- FIFA adds prison labor to its arsenal
- Sitting on a scoop: the story behind the V-E headlines of May 1945
- Bilderback repeats at Speedway
- US permits Arctic drilling, but questions about safety remain
- ISIS takeover of Ramadi means hard choices face the Iraqi and US governments
- State Roundup: Democrat sponsored prevailing wage amendment passes
- Facebook’s Instant Articles not a threat to media
- U of I expert: Rauner’s pension fix ‘unconstitutional’
- State Senate approves lesser penalties for marijuana possession
- State Roundup: Natural gas vehicle tax stalls in committee
Politicians make cuts in wrong places
What part of discretionary do the pols of both parties not understand? When they speak of federal spending cuts, it’s mostly on the entitlement side. Is that because they’ve got political debts to repay with more employees in the bureaucratic maze full of federal busybodies harassing the people who really do the work? The discretionary part of the budget could be cut in half, and no one would probably know the difference.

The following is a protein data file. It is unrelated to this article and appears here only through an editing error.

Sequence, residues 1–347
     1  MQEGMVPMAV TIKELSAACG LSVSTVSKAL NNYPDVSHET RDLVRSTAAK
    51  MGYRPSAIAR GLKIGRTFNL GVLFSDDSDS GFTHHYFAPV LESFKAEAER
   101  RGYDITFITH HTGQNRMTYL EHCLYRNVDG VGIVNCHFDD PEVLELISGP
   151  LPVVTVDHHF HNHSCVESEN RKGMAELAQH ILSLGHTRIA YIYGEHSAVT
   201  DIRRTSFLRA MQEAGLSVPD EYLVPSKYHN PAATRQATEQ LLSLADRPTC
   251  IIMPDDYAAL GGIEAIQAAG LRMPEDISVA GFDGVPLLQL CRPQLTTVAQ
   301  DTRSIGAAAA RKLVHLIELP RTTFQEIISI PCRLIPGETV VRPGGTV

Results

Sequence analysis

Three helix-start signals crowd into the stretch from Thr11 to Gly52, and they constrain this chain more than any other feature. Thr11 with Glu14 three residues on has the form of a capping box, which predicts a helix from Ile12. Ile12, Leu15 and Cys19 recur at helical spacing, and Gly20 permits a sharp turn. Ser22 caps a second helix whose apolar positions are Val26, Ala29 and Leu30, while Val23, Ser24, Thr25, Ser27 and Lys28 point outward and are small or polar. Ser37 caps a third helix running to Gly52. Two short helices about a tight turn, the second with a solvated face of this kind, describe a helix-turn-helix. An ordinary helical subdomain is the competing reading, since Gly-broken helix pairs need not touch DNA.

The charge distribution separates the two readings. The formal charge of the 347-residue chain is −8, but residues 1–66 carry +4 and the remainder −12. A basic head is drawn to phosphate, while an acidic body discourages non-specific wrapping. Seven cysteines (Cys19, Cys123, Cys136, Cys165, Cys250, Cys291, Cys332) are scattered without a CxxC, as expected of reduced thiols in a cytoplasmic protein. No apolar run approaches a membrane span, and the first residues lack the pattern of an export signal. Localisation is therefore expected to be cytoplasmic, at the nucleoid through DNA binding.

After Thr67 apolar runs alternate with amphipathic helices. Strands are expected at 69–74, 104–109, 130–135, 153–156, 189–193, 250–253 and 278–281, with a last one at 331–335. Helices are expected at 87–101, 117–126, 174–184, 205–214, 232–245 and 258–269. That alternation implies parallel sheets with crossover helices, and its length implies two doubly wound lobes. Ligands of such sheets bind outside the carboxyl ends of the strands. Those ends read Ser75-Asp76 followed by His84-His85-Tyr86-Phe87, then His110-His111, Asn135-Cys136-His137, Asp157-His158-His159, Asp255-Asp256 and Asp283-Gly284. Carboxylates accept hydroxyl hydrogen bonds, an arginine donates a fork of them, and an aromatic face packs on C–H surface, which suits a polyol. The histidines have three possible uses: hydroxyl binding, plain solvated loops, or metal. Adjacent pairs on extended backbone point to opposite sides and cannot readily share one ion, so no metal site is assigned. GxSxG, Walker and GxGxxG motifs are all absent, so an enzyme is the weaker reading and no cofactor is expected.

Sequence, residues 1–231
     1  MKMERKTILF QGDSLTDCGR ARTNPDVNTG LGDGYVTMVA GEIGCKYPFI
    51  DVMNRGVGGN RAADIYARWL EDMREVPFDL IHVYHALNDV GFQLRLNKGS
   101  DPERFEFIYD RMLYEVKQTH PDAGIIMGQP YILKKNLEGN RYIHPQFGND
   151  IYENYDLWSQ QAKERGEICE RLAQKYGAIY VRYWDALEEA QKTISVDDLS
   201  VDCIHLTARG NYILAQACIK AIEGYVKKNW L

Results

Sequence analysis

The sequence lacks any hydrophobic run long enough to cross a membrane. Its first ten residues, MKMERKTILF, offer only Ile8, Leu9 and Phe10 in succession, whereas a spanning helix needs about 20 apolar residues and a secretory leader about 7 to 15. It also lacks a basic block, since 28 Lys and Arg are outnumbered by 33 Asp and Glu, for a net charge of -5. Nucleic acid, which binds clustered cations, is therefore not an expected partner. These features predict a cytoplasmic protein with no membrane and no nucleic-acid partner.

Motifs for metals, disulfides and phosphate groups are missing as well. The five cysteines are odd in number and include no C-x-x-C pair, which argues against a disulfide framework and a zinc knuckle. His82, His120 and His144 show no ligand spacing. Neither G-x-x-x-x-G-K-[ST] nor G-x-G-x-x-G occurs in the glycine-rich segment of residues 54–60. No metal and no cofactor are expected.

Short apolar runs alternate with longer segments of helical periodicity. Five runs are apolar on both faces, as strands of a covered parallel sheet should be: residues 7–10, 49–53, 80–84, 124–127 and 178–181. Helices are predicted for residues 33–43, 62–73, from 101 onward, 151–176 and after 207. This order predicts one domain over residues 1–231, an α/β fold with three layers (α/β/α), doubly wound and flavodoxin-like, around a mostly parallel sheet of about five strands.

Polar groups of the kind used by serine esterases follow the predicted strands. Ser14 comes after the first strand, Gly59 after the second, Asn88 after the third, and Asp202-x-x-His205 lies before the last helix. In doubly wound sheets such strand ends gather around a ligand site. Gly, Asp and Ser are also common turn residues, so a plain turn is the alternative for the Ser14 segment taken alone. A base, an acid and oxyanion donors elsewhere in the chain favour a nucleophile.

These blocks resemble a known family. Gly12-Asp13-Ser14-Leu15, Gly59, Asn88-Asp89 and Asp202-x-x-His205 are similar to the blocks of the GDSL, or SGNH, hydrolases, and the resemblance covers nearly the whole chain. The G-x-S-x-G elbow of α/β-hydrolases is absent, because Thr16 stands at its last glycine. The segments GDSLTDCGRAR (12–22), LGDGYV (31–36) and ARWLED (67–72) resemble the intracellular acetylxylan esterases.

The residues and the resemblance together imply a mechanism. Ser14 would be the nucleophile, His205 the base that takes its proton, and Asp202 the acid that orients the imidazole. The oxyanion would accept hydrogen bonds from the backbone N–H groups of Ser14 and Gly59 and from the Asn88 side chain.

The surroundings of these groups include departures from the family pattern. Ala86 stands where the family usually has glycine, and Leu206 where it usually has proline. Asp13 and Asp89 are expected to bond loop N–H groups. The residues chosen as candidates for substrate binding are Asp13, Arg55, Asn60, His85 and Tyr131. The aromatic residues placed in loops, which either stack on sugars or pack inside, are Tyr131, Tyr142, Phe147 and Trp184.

A good example of bureaucracy run amok is the Department of Education with its very dubious programs of forced integration, “Head Start,” block scheduling and other such hindrances to real education. “No Child Left Behind” threatens to close schools that do not measure up to certain arbitrary standards. It’s as if the school building is to blame for students not performing even better than they’re possibly able.
Entitlement spending could be cut by raising more the age eligibility requirements for Social Security and Medicare and making them both means tested.
The federal budget could be balanced with barely harmful cuts rather than tax increases that are much more likely to harm our already hazardous economy.
Michael A. Smith
From the July 24-30, 2013, issue